Mills Observatory, Dundee
Categories: Observatories, Museums
The Mills Observatory in Dundee, Scotland, is the first purpose-built public astronomical observatory in the UK. Built in 1935, the observatory is classically styled in sandstone and has a distinctive 7 m dome, which houses a Victorian refracting telescope, a small planetarium, and display areas. The dome is one of two made from papier-mâché to survive in the UK, the other being at the Godlee Observatory.TelescopesThe main telescope is a 400mm Dobsonian reflector that was acquired in 2013. The observatory also houses a Victorian 0.25m Cooke refractor, with a focal length of 3.75 m. It was made in Edinburgh in 1871 by Robert Bruce and the optical components are of the highest quality. The telescope is actually older than the building. The dome also houses a 0.3m Schmidt-Cassegrain telescope, which was purchased in 2006. When the Mills Observatory opened on 28 October 1935, it originally housed a 450mm reflecting telescope, constructed by the Newcastle based company of Grubb Parsons. The dome itself is made of papier-mâché with a steel frame, and was also supplied by Grubb Parsons. Refracting telescopes have long been regarded as the superior instrument for planetary observing. During the winter evening hours, given clear sky conditions, the telescope is used to show the public the night sky.By using our Dundee vacation generator, you can arrange your visit to Mills Observatory and other attractions in Dundee.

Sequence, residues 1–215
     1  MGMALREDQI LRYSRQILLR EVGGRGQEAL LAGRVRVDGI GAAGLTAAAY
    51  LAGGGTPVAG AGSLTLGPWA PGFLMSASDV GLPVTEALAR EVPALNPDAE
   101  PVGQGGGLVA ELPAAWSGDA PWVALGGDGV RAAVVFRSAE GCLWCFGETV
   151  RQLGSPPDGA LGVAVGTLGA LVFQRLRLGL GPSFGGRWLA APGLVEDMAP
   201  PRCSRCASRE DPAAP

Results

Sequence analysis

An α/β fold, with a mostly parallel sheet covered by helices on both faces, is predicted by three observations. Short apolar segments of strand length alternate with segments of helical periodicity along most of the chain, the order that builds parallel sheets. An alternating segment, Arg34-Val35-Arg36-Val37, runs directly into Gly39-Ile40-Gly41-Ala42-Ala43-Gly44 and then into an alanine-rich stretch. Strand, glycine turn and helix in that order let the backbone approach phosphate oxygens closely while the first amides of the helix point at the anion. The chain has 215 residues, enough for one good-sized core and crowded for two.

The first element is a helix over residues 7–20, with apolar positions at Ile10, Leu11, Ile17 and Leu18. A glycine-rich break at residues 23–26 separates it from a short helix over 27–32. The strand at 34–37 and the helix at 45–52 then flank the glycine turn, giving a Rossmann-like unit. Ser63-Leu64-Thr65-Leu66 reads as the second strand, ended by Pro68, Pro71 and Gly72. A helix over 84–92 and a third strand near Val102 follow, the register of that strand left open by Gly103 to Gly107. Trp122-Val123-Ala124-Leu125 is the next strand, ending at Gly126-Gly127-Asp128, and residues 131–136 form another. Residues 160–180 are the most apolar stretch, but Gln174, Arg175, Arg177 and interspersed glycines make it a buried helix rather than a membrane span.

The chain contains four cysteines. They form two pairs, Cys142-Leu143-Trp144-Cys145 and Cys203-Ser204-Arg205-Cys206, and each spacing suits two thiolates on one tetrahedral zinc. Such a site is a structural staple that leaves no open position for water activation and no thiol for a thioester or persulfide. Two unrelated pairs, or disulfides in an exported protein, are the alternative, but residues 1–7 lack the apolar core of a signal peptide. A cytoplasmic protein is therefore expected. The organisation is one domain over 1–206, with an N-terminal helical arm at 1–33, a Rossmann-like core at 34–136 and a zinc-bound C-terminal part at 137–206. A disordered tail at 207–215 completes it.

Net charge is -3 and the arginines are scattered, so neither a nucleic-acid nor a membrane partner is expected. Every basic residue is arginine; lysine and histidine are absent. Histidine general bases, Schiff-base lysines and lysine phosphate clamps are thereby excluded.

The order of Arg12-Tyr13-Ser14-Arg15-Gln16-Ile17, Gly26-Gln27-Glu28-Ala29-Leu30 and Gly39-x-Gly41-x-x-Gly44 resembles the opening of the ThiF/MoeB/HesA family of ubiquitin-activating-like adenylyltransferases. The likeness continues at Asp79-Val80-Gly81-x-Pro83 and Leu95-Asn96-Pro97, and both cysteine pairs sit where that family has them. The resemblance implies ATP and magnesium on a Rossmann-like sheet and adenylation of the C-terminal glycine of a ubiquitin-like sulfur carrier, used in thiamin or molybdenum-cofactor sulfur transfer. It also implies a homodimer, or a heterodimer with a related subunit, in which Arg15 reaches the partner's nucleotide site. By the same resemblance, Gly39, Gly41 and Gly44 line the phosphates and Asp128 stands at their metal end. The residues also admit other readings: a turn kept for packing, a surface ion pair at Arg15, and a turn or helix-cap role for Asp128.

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Great visitor attraction if the conditions are right. Probably best on a clear winter's night when there would be loads of stars and planets to see. Staff are great, knowledgeable and very enthusiasti... read more »
I was only here for a Dunfermline match at Dundee Utd but my friend has a degree in Astonomy.To me it was a pleasant walk past cypresses,redwoods,cedars etc but he told me about the modern telescope a... read more »
Lovely walk through Balgay park to the observatory, Interesting visit and staff are very helpful and more than willing to answer questions.
A great place for budding astronomers. An observatory open for the public with knowledgeable volunteers to help sighting the interesting astronomical objects in the sky. The telescopes they have are not super powerful but good enough for e.g. spot the rings of Jupiter.
shuda forked out for a better optical instead of that crappy St Andrews one.
Very good for adults and children
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